The T nuts idea came after sleeping on what to use to secure the thing properly. Decided to use 5/16th bolts but couldn't find a nice, big knob in that size locally so settled for the knurled bolts, which I can tightne sufficiently to pull the fence tight and so it doesn't move.

I have to make 16 drawers now and I figured this jig would really improve my chances of making drawer sides just right.

In the garage, I have a Euro style table with folding legs made with great Baltic Birch, and I'm thinking I might use it to make a couple of bolt ons for this jig. One would be very tall, maybe 15-18 inches and another tall spline cutting jig for art frames, boxes and small drawers. Have some nice Birch that needs squaring up that will make for a great spline jig. My wife is turning into a pretty good artist so frame making is in my future.

I do tend to write long, but since you asked...
 

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Discussion Starter #5
Tom--

Very good job! Well built. Very well thought out.

Question-- So the bottom edges of your fence extension, on each side of your fence surround (face and tail)... that surface uses the table to find perpendicular from the table surface? Or the face of your fence?

Reason I asked that question, is that on tall fence jigs and raised panel type jigs, that is where that starts to become a factor. Otherwise, usually not even a concern or thought. Normal TS fences have adjustments for perpendicular from the rails for parallel to the blade, but most are lacking in adjustment for face being perpendicular to the table surface. Remember the fence system I built for my Rockwell? I made some adjustments on that system for those kinds of adjustments.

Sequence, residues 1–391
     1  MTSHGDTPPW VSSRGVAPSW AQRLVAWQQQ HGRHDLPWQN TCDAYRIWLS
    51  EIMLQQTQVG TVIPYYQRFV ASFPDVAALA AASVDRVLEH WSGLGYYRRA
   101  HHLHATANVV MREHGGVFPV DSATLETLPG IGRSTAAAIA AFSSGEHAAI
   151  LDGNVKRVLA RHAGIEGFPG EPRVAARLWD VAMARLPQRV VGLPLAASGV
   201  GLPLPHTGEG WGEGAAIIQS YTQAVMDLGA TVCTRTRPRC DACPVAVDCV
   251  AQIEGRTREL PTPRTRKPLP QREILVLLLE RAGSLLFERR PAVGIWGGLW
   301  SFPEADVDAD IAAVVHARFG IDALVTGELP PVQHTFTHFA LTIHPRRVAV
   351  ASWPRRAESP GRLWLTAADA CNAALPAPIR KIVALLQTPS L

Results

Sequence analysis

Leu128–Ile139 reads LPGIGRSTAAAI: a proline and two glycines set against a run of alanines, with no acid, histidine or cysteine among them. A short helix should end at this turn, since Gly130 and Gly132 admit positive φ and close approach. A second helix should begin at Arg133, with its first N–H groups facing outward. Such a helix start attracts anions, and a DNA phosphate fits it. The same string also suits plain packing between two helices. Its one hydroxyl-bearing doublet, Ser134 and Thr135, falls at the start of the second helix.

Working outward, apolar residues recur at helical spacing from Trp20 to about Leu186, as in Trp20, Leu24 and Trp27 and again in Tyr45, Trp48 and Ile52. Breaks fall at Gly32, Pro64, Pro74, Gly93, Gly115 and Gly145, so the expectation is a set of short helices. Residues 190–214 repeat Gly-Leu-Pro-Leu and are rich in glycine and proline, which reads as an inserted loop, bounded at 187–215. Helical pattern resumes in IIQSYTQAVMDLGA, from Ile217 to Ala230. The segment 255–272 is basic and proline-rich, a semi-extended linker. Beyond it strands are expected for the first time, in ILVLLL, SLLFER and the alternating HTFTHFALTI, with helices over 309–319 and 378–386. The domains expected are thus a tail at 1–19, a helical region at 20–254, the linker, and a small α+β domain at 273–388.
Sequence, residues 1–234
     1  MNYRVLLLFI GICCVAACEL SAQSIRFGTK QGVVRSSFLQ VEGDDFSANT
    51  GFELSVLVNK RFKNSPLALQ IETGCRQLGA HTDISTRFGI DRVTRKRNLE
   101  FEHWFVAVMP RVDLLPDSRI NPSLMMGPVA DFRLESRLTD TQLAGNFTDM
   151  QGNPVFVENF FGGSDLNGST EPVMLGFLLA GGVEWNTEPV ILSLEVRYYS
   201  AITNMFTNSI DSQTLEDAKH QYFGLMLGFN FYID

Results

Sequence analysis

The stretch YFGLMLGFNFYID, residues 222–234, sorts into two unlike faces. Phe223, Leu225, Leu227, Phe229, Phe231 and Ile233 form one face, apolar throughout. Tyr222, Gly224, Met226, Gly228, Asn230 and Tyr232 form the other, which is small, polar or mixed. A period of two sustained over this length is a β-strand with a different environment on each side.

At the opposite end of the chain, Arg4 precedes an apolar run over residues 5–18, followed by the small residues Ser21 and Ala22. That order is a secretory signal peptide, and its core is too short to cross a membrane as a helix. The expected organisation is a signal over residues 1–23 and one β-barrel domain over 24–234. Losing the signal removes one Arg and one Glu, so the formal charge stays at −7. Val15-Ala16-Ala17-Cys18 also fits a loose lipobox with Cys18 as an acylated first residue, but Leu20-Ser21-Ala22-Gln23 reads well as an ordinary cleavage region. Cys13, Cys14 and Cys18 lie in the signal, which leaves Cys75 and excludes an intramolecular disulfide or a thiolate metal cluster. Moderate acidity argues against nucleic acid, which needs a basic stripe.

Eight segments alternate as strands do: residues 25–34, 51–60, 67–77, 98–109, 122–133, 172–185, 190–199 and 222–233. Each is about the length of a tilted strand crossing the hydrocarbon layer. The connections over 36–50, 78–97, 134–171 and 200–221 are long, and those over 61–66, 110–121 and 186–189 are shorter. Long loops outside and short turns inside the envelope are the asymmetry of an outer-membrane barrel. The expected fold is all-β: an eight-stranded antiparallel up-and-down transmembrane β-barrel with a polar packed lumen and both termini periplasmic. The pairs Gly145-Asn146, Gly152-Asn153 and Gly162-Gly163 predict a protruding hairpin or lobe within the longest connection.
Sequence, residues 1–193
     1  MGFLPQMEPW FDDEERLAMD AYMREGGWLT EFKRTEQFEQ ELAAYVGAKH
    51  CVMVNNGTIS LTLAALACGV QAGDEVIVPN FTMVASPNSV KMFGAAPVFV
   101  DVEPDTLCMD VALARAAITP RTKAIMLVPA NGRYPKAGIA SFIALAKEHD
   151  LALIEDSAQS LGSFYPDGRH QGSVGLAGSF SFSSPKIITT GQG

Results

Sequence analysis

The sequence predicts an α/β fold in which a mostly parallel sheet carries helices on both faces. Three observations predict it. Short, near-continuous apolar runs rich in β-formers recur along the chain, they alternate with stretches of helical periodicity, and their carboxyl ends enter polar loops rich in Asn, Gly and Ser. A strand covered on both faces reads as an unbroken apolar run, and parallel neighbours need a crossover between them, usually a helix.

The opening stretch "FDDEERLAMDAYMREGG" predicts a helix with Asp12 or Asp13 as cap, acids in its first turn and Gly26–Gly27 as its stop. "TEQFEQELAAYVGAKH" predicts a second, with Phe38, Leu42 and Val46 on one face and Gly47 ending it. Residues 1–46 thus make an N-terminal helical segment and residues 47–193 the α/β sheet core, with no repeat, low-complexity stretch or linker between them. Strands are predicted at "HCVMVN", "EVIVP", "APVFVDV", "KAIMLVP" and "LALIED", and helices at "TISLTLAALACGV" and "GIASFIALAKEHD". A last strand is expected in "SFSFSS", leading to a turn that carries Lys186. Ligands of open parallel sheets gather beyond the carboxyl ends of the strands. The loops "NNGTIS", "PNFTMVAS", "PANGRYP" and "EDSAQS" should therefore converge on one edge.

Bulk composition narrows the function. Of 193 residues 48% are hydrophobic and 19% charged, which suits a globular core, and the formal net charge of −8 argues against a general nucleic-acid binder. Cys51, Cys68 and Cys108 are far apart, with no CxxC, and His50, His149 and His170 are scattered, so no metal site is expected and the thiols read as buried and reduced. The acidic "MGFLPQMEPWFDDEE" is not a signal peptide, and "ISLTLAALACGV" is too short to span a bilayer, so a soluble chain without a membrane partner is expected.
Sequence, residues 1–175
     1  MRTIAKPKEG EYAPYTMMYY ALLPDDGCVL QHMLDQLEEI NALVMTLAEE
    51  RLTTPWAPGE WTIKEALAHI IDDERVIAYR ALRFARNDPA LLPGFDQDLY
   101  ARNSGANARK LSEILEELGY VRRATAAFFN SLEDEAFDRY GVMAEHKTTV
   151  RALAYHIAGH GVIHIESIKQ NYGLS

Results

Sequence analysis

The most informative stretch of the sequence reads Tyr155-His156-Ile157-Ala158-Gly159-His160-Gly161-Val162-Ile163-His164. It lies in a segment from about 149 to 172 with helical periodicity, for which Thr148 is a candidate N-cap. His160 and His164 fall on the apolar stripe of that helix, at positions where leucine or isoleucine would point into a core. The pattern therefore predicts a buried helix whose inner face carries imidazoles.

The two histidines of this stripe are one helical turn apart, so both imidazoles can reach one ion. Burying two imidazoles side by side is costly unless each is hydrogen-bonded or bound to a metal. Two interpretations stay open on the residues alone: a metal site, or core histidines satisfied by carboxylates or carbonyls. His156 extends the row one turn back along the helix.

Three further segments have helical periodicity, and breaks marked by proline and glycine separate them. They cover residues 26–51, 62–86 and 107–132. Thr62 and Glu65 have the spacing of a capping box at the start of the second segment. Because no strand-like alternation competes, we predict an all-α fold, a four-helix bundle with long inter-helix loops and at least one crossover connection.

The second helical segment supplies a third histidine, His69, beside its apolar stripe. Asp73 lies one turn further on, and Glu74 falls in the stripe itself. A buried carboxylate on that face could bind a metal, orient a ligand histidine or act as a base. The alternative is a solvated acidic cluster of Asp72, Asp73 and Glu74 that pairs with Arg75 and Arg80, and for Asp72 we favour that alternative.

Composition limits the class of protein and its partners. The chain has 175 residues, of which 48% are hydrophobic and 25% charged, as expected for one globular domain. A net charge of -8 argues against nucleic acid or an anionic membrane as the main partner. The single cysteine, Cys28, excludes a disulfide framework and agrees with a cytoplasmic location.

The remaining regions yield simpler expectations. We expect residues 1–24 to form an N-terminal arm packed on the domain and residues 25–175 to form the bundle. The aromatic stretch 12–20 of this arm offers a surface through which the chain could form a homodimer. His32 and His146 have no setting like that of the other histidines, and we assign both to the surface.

I have an idea on making that adjustable on your jig, if you were interested...
I would love to have your suggestion. Thanks.
 

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Discussion Starter #6
excellent execution....
Thanks Stick. I often think about you when doing something like this, "what would Stick do here?" I'd love to share a couple of beers with you some time, not to pick your brain, but I always enjoy being around someone who is masterful in what they do.

You remind me a little of a guy named Byron who was my friend in theater when I was a kid. He designed and made sets and that's where I started enjoying woodworking. He taught set design and tech theater in L.A. for decades, owned an engineering company that made permanent installations in Disney and other parks, and now at 70 runs a motion picture production services company.

He was also a bit tacitern.
 

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Thanks Stick. I often think about you when doing something like this, "what would Stick do here?" I'd love to share a couple of beers with you some time, not to pick your brain, but I always enjoy being around someone who is masterful in what they do.

You remind me a little of a guy named Byron who was my friend in theater when I was a kid. He designed and made sets and that's where I started enjoying woodworking. He taught set design and tech theater in L.A. for decades, owned an engineering company that made permanent installations in Disney and other parks, and now at 70 runs a motion picture production services company.

He was also a bit taciturn.
thanks for the vote of confidence but I didn't do anything... that was all you...

make mine coffee.. you can have my beer and I'll be the DD...

and I'm not a man of few words... by a long shot...
 

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Discussion Starter #8
Coffee it is. Isn't that you did anything, it is the setting of a high standard. What state are you in?
 

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Looks great man. How long did it take to finish?
About 3 hours, plus a couple of trips to HD. The key was to keep it square to the table all the way through. The Wixey got a workout keeping the blade and the fence at a perfect 90. The cross piece turned out a little off on top so I used some iron on shelf facing underr and hand planed the top till it was square (for the reinforcement on the top.

The odd spaces on the top hold a measuring tape, Wixey and a magnetic light which is handy.